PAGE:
What do dolphins have in common with the prolific American architect Albert Kahn? No, this is not a beginning of a bad joke. It’s far more interesting than that.
The designs and elements offered by the St. Louis firm of Mesker Brothers Iron Works are believed to be designed by Bernard Mesker, the oldest of the brothers. Bernard loved to travel and was likely exposed to various works of architecture throughout the world. In addition, he owned numerous American publications on Classical and contemporary architecture such as American Architect & Building News, Architecture & Building and Inland Architect & Builder, which served as a basis for many of his designs. He often annotated the printed plates, pointing out elements that he thought would translate well into galvanized sheet-metal ornamentation. In fact, several of the company’s designs can be traced to these annotated drawings, which survive in the collection of David Mesker, Frank’s grandson (Frank and Bernard founded Mesker Brothers in 1879). Such direct insight into the inspirations for commercial architectural designs is rarely possible.
One of Bernard’s most unique designs for the company appears to have been inspired by sketches of Classic Roman details by Albert Kahn (1869–1942) published in the June 20, 1891 issue of American Architect & Building News. The publisher awarded young Kahn a scholarship, which afforded him the opportunity to travel to Europe for a year of visiting architectural landmarks and meeting architects. His sketches and articles were printed in several issues from 1891 to 1893. Bernard Mesker’s handwritten note pointed to one of Kahn’s sketches and indicated that the design (or its derivative) would make a handsome panel of embossed steel.
Whereas the Roman Forum fragment in Kahn’s sketch is more floral in nature, the eventual design utilized by Mesker Brothers employed two pairs of stylized dolphins, flanking the top and bottom of a fountain or a candelabrum. In fact, the “dolphin panel” as it was called, did not retain specific details of Kahn’s sketch but was rather inspired by its symmetrical Renaissance design. Coincidentally, between June and September of 1891 American Architect & Building News also ran a six-part series called “Dolphin in Ornamentation,” which provided a historic overview of the dolphin as an artistic and architectural motif. There’s some evidence suggesting that Bernard read at least one of the articles; the series did present several key aesthetic concepts and symbolic meanings that could have influenced him. Perhaps Bernard chose the dolphins as another reference to the French heritage of St. Louis, which the company already demonstrated through their use of the fleur-de-lis. In heraldry, the dolphin was the emblem of the Dauphin of France, title given to the King’s eldest son, the heir apparent to the throne of France. Regardless of its intended connotation, the dolphin is nonetheless a popular Renaissance and Baroque motif, fitting of the opulent and revivalist aesthetic employed by the Meskers.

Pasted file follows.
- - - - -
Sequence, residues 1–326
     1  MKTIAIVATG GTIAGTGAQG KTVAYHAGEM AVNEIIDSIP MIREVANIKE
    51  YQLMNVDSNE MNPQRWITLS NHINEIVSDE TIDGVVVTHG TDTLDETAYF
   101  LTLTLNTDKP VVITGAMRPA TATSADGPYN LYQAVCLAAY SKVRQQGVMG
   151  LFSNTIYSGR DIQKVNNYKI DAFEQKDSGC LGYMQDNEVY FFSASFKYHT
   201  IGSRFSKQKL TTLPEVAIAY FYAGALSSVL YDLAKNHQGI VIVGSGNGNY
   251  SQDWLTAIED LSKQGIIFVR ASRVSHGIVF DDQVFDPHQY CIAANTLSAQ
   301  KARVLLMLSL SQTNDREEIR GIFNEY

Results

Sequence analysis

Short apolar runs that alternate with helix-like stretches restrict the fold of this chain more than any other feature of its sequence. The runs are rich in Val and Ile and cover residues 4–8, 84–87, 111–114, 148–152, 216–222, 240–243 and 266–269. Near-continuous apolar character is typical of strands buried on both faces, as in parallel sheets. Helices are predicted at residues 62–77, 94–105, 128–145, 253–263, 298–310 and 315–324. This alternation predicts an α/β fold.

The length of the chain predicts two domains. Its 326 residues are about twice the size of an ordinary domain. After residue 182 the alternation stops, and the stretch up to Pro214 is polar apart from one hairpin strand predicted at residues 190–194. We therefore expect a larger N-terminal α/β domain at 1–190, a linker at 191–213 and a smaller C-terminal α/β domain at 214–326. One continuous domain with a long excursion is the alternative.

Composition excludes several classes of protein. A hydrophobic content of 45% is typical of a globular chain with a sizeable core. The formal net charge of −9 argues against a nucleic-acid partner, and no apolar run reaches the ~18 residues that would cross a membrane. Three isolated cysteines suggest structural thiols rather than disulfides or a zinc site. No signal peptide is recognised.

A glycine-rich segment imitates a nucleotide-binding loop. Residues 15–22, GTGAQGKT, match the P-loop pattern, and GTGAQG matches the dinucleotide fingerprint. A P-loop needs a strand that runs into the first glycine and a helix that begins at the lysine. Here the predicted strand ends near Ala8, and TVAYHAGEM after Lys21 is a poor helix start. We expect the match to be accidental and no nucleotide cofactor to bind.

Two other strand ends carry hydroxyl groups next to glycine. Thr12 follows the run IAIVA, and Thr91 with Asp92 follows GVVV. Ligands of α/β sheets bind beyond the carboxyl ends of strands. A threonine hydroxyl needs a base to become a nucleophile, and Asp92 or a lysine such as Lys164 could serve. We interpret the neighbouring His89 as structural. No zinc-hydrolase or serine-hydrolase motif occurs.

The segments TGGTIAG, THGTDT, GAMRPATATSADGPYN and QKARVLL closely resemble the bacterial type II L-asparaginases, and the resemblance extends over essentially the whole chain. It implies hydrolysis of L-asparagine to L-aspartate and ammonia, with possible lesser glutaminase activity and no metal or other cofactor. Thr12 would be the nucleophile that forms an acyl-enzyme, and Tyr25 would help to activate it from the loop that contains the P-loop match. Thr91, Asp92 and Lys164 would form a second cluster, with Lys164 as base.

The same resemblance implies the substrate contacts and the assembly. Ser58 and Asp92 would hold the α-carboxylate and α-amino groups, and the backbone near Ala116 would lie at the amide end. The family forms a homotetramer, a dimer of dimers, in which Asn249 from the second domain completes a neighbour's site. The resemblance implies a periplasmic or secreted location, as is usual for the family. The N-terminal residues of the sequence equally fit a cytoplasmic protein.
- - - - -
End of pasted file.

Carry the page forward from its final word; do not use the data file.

Beginning in 1896, the dolphin panels were used between upper story windows, often in conjunction with or entirely replacing another prevalent Mesker motif—a distinctive engaged column on a tall base ornamented by two rosettes. The dolphin panel represents one of the largest and most frequently used ornamental panels offered by Mesker Brothers at the turn of the century.
Before Kahn ever dreamed of becoming the “architect of Detroit,” he unknowingly inspired the Mesker Brothers to create one of their most ornamental and recognizable facade pieces. Similarly to Kahn’s own early non-industrial work, the panels were rather conventionally derivative of various historic European styles. But whereas Kahn eventually developed a clearly modern approach and aesthetic evident in his industrial work, the Meskers continued to produce ornaments and facades conceived of in the mid-1880s into the 1910s. Perhaps the popular phrase should be modified to say “If it’s Baroque, don’t fix it.”
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